Space applications provide new tools that improve lives in many areas, and health is one of them. Earth Observation (EO) data can be incorporated into models that help detect, monitor or predict disease, providing policymakers with the opportunity to control an epidemic, respond more quickly to disease outbreaks and act to prevent or mitigate health emergencies.
A good example is the use of EO data to develop a dengue fever forecasting system for countries in South East Asia. The system, called D-MOSS, was developed by Oxfordshire-based HR Wallingford, and is now being used to help with coordinating and enacting public health response and policy in Vietnam, with pilots underway in Sri Lanka and Malaysia.
What is the problem?
Dengue is the fastest spreading mosquito-borne viral disease in the world today. The unprecedented surge in dengue epidemics across the globe in recent decades has prompted the WHO at the start of 2019 to include the virus in its list of the world’s top 10 public health threats. South-East Asia has suffered major outbreaks of dengue fever in recent years, owing to the failure to maintain adequate control of the Aedes aegypti species of mosquito that spreads dengue fever.
Until the D-MOSS project was implemented, Vietnam, Sri Lanka and Malaysia had no system in place to forecast the probability of dengue outbreaks. Key stakeholders had all expressed the need for an operational, cost effective and reliable early warning system to allow them to forecast dengue outbreaks as many months in advance as possible, thereby allowing them to proactively plan in advance for dengue outbreaks. The D-MOSS project has helped to fill this gap.
Where does space technology fit in?
Dengue ecology is regulated by the climate. Temperature and humidity for example, influence many aspects of the biology of mosquitoes including their development, survival and biting rate. In countries where the ground-based monitoring of the environmental factors which affect dengue are sparse, the use of EO data can provide an accurate and consistent representation of the spatial variation of key environmental, and socio-economic parameters, in some cases at scale of a 10 x 10 metre grid. Many high quality satellite EO data products are freely available, which assists scalability.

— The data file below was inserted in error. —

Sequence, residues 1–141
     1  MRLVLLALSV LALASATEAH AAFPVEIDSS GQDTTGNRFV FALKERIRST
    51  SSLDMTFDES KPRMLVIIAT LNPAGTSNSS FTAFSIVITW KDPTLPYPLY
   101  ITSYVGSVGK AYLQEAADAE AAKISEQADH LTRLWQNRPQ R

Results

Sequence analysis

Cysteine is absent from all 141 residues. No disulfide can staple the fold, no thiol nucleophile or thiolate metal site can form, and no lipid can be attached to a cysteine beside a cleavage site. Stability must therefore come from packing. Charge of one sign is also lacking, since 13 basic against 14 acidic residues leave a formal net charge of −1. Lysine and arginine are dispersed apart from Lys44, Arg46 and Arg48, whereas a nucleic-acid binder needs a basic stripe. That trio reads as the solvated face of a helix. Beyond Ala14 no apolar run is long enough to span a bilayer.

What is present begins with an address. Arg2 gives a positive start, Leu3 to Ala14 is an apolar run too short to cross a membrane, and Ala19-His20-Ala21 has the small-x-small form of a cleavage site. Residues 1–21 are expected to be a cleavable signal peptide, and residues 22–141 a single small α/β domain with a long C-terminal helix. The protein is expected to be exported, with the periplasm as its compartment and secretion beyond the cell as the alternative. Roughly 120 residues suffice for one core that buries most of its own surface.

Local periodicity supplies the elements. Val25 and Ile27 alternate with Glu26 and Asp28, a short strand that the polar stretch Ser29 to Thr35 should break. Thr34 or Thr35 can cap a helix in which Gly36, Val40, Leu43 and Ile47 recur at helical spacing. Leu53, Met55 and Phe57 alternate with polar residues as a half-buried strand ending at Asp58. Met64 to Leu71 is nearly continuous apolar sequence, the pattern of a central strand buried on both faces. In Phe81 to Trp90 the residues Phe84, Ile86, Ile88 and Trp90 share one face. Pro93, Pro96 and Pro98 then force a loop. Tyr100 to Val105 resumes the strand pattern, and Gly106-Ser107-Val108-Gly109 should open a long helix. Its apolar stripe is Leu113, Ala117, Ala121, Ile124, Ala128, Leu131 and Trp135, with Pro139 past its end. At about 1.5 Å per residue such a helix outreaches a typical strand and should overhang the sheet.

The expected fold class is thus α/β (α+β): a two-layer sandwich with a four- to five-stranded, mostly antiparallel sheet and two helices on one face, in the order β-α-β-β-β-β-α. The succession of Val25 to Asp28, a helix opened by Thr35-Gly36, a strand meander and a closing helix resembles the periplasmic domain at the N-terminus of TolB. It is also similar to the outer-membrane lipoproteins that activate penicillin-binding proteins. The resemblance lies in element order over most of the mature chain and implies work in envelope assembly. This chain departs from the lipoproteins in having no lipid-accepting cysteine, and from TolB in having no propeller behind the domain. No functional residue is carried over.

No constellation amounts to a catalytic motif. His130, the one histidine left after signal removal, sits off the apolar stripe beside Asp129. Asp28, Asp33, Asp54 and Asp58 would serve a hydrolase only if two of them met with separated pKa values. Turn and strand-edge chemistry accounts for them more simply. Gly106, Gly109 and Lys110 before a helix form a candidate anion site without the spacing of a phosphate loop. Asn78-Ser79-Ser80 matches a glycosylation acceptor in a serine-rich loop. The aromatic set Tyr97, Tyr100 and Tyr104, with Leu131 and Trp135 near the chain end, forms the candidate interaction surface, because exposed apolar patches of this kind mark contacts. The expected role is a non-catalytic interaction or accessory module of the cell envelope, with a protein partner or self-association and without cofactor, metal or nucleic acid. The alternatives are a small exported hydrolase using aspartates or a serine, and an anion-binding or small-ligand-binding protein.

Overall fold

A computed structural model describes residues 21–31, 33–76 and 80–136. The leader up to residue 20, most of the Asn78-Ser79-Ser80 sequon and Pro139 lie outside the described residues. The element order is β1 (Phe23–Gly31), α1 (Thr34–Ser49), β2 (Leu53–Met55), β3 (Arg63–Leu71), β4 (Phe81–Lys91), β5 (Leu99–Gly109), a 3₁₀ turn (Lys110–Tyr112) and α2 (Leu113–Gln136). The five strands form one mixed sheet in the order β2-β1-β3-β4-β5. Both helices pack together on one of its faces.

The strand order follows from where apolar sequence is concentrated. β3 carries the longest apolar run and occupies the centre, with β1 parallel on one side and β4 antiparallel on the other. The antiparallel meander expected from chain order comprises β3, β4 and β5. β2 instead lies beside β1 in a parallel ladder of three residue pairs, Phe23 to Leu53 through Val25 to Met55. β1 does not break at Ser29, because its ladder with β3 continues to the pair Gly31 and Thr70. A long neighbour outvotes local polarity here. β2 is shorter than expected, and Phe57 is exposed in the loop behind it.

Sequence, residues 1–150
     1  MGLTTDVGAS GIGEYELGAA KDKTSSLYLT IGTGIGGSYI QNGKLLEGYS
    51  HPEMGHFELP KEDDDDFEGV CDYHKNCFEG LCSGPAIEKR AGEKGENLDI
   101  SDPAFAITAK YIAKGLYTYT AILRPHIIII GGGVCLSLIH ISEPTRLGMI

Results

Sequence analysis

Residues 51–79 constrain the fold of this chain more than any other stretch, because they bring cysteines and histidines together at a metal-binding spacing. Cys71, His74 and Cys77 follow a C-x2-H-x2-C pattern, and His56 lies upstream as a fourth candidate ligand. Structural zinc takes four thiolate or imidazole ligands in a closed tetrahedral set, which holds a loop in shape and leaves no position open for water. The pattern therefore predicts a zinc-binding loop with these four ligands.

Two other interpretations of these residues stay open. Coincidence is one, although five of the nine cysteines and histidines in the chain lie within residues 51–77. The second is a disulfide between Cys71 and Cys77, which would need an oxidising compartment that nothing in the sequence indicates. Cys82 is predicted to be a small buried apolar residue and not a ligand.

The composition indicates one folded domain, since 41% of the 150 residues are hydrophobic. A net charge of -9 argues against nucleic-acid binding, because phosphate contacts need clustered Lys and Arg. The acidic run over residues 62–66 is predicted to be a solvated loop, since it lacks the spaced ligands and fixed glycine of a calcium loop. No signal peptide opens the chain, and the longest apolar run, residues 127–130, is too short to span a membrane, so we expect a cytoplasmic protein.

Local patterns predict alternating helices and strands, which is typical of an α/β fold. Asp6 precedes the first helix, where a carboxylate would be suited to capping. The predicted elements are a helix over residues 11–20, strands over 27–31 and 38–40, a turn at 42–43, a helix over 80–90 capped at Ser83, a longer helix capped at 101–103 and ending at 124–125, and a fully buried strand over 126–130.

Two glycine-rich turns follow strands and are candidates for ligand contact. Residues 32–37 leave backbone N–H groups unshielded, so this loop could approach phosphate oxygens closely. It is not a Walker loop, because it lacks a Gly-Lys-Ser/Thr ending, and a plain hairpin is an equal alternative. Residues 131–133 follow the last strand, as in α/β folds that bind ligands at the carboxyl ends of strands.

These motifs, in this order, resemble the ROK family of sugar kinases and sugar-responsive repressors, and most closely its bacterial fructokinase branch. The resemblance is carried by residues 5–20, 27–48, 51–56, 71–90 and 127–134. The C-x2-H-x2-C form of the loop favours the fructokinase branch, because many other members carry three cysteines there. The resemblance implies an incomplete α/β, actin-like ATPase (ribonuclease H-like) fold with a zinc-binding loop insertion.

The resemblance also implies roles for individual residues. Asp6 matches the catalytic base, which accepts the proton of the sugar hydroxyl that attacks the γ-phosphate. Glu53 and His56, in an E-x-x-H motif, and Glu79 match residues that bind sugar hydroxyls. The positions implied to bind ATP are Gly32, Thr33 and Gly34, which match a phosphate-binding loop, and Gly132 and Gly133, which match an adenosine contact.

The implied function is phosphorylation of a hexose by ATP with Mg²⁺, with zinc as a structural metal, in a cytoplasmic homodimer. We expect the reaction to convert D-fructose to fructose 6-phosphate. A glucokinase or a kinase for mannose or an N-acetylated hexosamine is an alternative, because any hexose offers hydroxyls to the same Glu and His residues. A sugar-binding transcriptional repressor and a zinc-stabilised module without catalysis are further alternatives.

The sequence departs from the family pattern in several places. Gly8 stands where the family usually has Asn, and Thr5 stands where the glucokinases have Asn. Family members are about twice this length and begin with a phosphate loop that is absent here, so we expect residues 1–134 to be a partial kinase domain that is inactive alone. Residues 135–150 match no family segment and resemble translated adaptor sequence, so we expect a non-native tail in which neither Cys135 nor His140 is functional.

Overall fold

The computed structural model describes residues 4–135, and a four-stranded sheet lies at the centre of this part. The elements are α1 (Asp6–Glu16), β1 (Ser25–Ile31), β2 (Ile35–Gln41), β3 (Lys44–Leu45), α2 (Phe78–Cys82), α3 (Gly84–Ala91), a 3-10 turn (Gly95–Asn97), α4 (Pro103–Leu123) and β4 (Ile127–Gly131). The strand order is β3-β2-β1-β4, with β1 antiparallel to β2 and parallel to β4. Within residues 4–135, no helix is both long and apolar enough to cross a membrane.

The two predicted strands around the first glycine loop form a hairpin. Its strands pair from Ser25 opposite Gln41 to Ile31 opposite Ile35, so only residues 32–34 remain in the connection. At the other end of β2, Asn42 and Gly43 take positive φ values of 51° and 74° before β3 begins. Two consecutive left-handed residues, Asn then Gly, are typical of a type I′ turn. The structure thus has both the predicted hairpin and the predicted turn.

Overview of the concept used in D-MOSS
The effect of climate fluctuations on dengue vector populations and vector-virus interactions can lead directly to variations in the intensity of dengue transmission. These climate-driven variations in risk interact with other factors such as demographic and socio-economic conditions that can alter the local disease prevalence significantly. If these factors can be monitored and predicted then this allows outbreaks of dengue to be forecasted.
D-MOSS comprises a climate-driven dengue forecasting system, co-designed with stakeholders from the Ministries of Health of each implementing country, World Health Organization and the United Nations Development Programme. The D-MOSS system provides probabilistic monthly forecasts of the number of dengue cases for the entire country at a provincial or district level. It uses statistical models, which utilise seasonal climate forecasts and big EO data on meteorology and socio-economic factors. D-MOSS predicts dengue outbreaks up to six months in advance, and this information is now being used to help with targeting critical resources and facilitating early action to control and manage dengue outbreaks.
The way forward for D-MOSS
The application of D-MOSS in Vietnam has confirmed that it provides suitably accurate forecasts of dengue and is a reliable and cost-effective solution to help stakeholders take early actions. D-MOSS’s architecture and modular design help to ensure it can be replicated in other countries and at a range of scales, be that in South-East Asia or other countries around the world. Owing to its success in Vietnam, prototype D-MOSS systems are being implemented in Malaysia and Sri Lanka.
The objective of the D-MOSS team is to see the early warning system helping to reduce dengue fever worldwide. There is a large untapped potential for mosquito-borne disease prevention and mitigation by developing tools like D-MOSS, that bridge the gap between space technology and public health applications.
D-MOSS is supported by the UK Space Agency’s International Partnership Programme (IPP) and funded through the Global Challenges Research Fund (GCRF).